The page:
Spatially encoded glycan microarrays promise to rapidly accelerate our understanding of glycan binding in myriad biological processes, which could lead to new therapeutics and previously unknown drug targets. In Chapter 5, we bring together a digital micromirror device, microfluidic introduction of inks, and advanced surface photochemistry to produce multiplexed glycan microarrays with reduced feature diameters, an increased number of features per array, and precise control of glycan density at each feature. The versatility of this platform was validated by printing two distinct glycan microarrays where, in the first, different glycans were immobilized to create a multiplexed array and, in another, the density of a single glycan was varied systematically to explore the effect of surface presentation on lectin−glycan binding. For lectin binding studies on these miniaturized microarrays, a microfluidic incubation chip was developed that channels multiple different protein solutions over the array. Using the multiplexed array, binding between eight lectin solutions and five different glycosides was determined, such that a single array can interrogate the binding between 40 lectin−glycan combinations. The incubation chip was then used on the array with varied glycan density to study the effects of glycan density on lectin binding. These results show that this novel printer could rapidly advance our understanding of critical unresolved questions in glycobiology, while simultaneously increasing the throughput and reducing the cost of these experiments.

Interactions between cell surface glycans and glycan binding proteins (GBPs) have a central role in immune response, pathogen-host recognition, cell-cell communication, and myriad other biological processes. Because of the weak association between GBPs and glycans in solution, multivalent and cooperative interactions in the dense glycocalyx have an outsized role in directing binding affinity and selectivity. However, a major challenge in glycobiology is that few experimental approaches exist for examining and understanding quantitatively how glycan density affects avidity with GBPs, and there is a need for new tools that can fabricate glycan arrays with the ability to vary their density controllably and systematically in each feature. Here we use thiol- ene reactions to fabricate glycan arrays using a recently developed photochemical printer that leverages a digital micromirror device and microfluidics to create multiplexed patterns of immobilized mannosides, where the density of mannosides at each feature was varied by dilution with the inert spacer allyl alcohol. Association between these immobilized glycans and FITC- labelled concanavalin A (ConA) – a tetrameric GBP that binds to mannosides multivalently – was measured by fluorescence microscopy. We observed that fluorescence decreased nonlinearly with increasing spacer concentration in the features, and we present a model that relates average mannoside-mannoside spacing to the abrupt drop-off in ConA binding. Applying these recent advances in microscale photolithography to the challenge of mimicking the architecture of the glycocalyx could lead to a rapid understanding of how information is trafficked on the cell surface.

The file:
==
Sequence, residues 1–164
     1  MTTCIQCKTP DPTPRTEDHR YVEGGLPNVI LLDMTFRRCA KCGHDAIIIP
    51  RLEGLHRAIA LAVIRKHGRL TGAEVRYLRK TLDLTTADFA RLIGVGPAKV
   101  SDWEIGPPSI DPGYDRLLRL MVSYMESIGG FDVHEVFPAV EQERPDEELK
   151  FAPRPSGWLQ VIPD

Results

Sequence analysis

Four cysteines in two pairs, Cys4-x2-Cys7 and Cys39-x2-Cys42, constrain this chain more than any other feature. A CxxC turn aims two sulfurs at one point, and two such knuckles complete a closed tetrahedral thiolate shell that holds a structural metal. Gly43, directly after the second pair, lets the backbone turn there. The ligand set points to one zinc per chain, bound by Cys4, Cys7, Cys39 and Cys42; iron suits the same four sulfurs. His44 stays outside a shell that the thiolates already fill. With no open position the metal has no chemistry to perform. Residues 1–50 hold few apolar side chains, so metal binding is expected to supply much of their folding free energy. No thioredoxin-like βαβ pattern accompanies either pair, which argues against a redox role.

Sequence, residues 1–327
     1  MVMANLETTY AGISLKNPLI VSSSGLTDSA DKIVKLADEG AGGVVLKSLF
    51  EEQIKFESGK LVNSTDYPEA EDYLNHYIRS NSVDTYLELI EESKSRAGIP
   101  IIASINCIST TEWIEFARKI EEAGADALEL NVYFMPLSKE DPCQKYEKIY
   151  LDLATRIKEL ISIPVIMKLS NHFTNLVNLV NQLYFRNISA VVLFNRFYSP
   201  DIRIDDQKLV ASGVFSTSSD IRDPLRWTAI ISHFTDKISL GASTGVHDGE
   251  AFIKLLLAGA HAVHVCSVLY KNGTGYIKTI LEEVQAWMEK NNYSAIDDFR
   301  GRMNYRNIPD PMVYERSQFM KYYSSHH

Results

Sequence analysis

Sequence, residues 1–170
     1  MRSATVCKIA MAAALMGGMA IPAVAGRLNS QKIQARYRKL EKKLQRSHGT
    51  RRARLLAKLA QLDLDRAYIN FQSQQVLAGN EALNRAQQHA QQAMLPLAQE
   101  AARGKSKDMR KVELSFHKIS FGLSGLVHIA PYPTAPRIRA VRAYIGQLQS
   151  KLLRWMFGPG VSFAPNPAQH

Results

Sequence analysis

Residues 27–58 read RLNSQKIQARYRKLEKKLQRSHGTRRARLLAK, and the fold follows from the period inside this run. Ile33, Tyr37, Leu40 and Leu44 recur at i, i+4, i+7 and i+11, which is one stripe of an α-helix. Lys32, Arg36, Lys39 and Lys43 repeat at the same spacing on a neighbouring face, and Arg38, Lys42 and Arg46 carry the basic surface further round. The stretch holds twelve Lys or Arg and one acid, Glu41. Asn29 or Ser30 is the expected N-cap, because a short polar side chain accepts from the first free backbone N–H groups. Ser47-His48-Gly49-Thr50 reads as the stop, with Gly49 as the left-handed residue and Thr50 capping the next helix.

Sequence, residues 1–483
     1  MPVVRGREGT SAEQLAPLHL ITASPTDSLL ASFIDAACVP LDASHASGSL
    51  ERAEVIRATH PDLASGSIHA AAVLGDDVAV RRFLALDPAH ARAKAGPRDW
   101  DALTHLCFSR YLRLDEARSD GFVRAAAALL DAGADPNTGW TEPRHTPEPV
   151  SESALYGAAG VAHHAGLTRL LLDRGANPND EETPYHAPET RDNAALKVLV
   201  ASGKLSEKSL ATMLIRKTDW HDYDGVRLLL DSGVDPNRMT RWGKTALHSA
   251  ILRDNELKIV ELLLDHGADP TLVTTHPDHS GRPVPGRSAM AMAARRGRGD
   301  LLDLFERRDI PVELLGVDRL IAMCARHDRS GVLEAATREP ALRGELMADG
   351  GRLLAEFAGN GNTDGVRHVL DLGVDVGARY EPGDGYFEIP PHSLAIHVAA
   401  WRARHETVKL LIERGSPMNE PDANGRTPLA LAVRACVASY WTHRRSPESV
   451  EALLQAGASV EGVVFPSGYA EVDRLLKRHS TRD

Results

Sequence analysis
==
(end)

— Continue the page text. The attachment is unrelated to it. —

Finally, Chapter 7 reports a novel glycan array architecture that binds the mannose-specific glycan binding protein, ConA, with sub-femtomolar avidity. A new radical photopolymerization developed specifically for this application combines the grafted-from thiol-(meth)acrylate polymerization with thiol-ene chemistry to graft glycans to the growing polymer brushes. The propagation of the brushes was studied by carrying out this grafted-to/grafted-from radical photopolymerization (GTGFRP) at >400 different conditions using hypersurface photolithography, a printing strategy that substantially accelerates reaction discovery and optimization on surfaces. The effect of brush height and the grafting density of mannosides on the binding of ConA to the brushes was studied systematically, and we found that multivalent and cooperative binding account for the unprecedented sensitivity of the GTGFRP brushes. This study further demonstrates the ease with which new chemistry can be tailored for an application as a result of the advantages of hypersurface photolithography.